There are more International Dark Sky Parks and Communities in Utah than anywhere else in the world. And under the direction of Park Manager Jason Whittaker, Jordanelle State Park east of Park City became a Dark Sky Park in 2021. According to Jason, it took a lot of work to get the international designation, which requires inky-black skies, ample light mitigation, and public education efforts, but he says it was absolutely worth the effort.

The park schedules a few stargazing events each quarter, including a New Year’s snowshoe hike and a stargazing event. The events bring together naturalists, teachers and amateur astronomers to guide the public through night sky viewing.

If you’re visiting on your own, Jason says the best spot in the park for stargazing is in the Rock Cliff area, near the boat ramp. This part of the park is where you’ll find the “more natural side of Jordanelle” with the least development. It is protected on three sides from light pollution and tends to have fewer people and darker skies. Visitors can access the Rock Cliff area 24-hours a day, every day of the year.

Those who can’t make the trip to the more remote Rock Cliff area, can head to Hailstone or Ross Creek, where many of the park’s stargazing events are held.

For optimal stargazing, visit Jordanelle State Park on a clear, cloudless night, preferably on a new moon. With the right conditions, it is not uncommon to see the Milky Way stretching out above the park.

In addition to events at Jordanelle, the Salt Lake Astronomical Society often hosts star parties, and Compass Rose Lodge in Huntsville, Utah, hosts star-walk tours in their observatory.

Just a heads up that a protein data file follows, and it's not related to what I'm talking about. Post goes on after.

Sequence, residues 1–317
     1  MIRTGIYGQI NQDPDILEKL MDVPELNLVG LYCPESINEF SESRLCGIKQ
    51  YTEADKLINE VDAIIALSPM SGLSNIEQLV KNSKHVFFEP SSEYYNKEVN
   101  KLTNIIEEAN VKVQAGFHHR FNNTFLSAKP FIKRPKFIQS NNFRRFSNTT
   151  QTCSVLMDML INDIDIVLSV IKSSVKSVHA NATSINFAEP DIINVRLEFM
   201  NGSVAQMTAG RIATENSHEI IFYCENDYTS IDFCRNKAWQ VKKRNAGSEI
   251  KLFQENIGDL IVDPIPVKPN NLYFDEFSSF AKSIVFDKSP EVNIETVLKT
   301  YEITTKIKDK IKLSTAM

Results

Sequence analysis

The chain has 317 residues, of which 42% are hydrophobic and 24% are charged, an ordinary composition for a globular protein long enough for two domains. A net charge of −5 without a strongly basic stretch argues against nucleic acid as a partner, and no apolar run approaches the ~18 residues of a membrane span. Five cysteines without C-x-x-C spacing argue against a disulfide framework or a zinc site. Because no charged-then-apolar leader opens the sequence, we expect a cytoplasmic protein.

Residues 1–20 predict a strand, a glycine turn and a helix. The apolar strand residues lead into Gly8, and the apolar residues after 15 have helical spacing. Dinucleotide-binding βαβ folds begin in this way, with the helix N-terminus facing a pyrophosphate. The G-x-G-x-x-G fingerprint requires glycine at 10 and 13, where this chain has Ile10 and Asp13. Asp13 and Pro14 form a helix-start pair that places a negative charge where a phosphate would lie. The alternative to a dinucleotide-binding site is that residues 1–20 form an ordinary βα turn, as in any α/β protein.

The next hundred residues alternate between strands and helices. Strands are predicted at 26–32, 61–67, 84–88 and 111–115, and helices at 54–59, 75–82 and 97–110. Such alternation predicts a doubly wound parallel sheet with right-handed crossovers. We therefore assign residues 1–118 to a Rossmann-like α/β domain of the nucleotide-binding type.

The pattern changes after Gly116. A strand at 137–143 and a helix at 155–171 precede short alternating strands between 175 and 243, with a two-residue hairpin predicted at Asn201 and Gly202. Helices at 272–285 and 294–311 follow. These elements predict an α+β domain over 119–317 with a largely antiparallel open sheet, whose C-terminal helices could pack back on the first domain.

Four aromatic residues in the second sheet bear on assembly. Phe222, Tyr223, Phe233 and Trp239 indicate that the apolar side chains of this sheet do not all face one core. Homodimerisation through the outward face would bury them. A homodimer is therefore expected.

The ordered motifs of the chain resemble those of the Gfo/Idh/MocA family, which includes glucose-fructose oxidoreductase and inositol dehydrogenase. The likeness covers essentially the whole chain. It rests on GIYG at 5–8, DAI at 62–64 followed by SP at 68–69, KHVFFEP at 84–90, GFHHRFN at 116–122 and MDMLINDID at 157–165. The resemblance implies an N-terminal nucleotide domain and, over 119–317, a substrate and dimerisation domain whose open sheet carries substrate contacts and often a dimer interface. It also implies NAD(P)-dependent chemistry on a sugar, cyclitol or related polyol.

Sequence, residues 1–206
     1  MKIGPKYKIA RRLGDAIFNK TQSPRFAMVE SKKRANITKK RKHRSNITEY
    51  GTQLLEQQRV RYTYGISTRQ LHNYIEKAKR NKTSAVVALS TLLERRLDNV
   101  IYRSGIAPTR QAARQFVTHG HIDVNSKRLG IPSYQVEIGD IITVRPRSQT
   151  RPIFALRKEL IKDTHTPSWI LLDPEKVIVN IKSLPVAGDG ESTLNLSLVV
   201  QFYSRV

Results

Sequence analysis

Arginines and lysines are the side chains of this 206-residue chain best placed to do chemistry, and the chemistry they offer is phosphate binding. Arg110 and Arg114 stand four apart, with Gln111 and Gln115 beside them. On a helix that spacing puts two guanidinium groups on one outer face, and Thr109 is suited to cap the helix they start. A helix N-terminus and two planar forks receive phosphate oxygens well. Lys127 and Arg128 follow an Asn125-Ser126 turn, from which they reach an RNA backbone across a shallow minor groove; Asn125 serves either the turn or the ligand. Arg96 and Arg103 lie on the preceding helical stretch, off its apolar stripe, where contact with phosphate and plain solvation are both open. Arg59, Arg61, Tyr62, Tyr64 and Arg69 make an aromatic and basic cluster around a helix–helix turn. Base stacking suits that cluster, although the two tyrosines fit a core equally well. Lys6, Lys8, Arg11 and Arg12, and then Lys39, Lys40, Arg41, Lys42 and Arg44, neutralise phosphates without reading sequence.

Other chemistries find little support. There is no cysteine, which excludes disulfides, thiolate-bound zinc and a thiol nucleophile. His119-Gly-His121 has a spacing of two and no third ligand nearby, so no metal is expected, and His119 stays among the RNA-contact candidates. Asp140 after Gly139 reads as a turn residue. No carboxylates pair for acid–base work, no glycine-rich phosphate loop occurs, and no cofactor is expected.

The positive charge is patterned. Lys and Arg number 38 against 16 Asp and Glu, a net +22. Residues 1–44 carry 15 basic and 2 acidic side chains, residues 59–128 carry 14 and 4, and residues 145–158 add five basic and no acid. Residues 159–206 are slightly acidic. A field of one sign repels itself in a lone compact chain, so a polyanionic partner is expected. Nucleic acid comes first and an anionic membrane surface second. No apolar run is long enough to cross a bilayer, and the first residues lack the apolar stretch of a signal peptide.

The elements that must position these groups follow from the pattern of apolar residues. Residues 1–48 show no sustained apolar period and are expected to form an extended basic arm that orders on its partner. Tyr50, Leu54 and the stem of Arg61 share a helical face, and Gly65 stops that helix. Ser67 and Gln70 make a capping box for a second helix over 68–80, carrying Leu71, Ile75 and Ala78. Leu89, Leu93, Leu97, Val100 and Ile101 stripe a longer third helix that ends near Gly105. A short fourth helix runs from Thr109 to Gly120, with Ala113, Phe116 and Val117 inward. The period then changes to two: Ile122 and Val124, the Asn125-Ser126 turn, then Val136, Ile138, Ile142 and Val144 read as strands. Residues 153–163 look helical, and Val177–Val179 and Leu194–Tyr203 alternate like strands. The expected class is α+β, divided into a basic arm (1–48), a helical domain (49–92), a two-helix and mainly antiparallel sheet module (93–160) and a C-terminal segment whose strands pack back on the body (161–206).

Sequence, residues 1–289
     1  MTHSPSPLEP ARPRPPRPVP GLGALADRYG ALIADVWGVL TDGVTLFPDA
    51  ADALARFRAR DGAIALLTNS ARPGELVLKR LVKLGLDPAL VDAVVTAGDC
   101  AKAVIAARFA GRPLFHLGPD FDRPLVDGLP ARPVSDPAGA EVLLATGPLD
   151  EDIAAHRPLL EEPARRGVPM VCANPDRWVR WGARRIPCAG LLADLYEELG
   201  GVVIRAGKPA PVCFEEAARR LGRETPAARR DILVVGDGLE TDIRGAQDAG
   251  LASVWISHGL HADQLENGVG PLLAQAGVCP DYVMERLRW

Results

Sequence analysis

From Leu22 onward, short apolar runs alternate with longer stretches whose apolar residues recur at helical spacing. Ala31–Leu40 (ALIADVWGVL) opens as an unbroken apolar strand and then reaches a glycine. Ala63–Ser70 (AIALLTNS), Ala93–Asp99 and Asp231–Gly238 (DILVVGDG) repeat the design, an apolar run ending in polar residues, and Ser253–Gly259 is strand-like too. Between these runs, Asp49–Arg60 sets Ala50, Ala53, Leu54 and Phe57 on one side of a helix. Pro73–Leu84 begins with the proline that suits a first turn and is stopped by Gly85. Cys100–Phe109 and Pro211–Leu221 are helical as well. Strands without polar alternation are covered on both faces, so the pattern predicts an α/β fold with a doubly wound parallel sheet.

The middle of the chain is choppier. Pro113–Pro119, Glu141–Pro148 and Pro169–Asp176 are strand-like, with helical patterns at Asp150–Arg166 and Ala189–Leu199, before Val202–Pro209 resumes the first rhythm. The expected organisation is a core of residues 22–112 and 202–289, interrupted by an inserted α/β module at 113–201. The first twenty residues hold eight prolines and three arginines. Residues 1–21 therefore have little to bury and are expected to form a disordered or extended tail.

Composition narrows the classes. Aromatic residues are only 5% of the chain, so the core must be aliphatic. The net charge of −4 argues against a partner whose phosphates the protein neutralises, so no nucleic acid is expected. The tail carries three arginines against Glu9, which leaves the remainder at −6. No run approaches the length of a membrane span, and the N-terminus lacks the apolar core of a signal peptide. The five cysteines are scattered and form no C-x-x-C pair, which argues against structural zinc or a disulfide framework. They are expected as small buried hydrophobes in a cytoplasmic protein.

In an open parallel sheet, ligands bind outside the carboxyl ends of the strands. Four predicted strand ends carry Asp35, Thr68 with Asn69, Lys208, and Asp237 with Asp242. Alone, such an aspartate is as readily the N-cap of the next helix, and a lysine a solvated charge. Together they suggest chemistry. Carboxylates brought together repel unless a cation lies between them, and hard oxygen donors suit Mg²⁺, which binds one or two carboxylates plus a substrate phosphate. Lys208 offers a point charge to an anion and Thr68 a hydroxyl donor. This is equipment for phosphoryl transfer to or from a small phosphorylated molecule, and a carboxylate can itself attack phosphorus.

When it comes to stargazing, Utah is second to none. Around 80 percent of the state’s 3.3 million residents live along the Wasatch Front, meaning the rest of the state has very little light pollution to contend with. This winter, Utahans and visitors will be treated to a handful of meteor showers.

December 13-14, 2023: The Geminids Meteor Shower is the largest meteor shower of the year, with an average of 75 multi-colored meteors per hour. The shower will peak on the night of December 13 and into the early hours of December 14, 2023.

January 3-4, 2024: Shortly after the Geminids Meteor Shower, the smaller Quadrantids Meteor Shower will take place. Viewers can expect to see around 40 meteors per hour.

April 21-23, 2024: The final meteor shower of winter 2023-2024 is the Lyrids Meteor Shower. The peak of the event will fall between the late evening of April 21 and dawn of April 22. You might be able to see some meteors on April 23, but that day also marks the arrival of a bright, full moon, which will impact visibility.